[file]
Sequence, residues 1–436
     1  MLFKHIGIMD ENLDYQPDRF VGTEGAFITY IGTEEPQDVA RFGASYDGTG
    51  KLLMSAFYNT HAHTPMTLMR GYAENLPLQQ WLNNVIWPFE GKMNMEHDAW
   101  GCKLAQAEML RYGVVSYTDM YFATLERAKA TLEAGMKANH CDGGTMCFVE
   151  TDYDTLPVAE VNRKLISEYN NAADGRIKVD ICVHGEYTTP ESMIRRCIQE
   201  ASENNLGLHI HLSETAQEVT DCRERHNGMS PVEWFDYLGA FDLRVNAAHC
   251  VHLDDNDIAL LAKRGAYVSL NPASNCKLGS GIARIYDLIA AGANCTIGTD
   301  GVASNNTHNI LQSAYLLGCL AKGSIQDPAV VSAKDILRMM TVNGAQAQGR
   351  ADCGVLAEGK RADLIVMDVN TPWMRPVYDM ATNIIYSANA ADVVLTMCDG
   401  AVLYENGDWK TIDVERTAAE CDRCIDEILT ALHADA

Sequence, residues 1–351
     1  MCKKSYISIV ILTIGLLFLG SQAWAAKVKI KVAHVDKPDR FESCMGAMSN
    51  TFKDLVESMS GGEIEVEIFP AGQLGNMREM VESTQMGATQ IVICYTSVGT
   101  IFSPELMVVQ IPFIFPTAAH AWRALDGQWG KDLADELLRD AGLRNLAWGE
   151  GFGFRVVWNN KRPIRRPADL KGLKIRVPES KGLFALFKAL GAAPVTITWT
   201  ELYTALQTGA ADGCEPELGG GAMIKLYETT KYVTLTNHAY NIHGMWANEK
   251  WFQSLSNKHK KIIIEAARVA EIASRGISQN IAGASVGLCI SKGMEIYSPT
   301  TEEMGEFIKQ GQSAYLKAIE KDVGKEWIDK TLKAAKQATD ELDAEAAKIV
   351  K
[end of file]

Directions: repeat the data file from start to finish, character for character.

Sequence, residues 1–436
     1  MLFKHIGIMD ENLDYQPDRF VGTEGAFITY IGTEEPQDVA RFGASYDGTG
    51  KLLMSAFYNT HAHTPMTLMR GYAENLPLQQ WLNNVIWPFE GKMNMEHDAW
   101  GCKLAQAEML RYGVVSYTDM YFATLERAKA TLEAGMKANH CDGGTMCFVE
   151  TDYDTLPVAE VNRKLISEYN NAADGRIKVD ICVHGEYTTP ESMIRRCIQE
   201  ASENNLGLHI HLSETAQEVT DCRERHNGMS PVEWFDYLGA FDLRVNAAHC
   251  VHLDDNDIAL LAKRGAYVSL NPASNCKLGS GIARIYDLIA AGANCTIGTD
   301  GVASNNTHNI LQSAYLLGCL AKGSIQDPAV VSAKDILRMM TVNGAQAQGR
   351  ADCGVLAEGK RADLIVMDVN TPWMRPVYDM ATNIIYSANA ADVVLTMCDG
   401  AVLYENGDWK TIDVERTAAE CDRCIDEILT ALHADA

Sequence, residues 1–351
     1  MCKKSYISIV ILTIGLLFLG SQAWAAKVKI KVAHVDKPDR FESCMGAMSN
    51  TFKDLVESMS GGEIEVEIFP AGQLGNMREM VESTQMGATQ IVICYTSVGT
   101  IFSPELMVVQ IPFIFPTAAH AWRALDGQWG KDLADELLRD AGLRNLAWGE
   151  GFGFRVVWNN KRPIRRPADL KGLKIRVPES KGLFALFKAL GAAPVTITWT
   201  ELYTALQTGA ADGCEPELGG GAMIKLYETT KYVTLTNHAY NIHGMWANEK
   251  WFQSLSNKHK KIIIEAARVA EIASRGISQN IAGASVGLCI SKGMEIYSPT
   301  TEEMGEFIKQ GQSAYLKAIE KDVGKEWIDK TLKAAKQATD ELDAEAAKIV
   351  K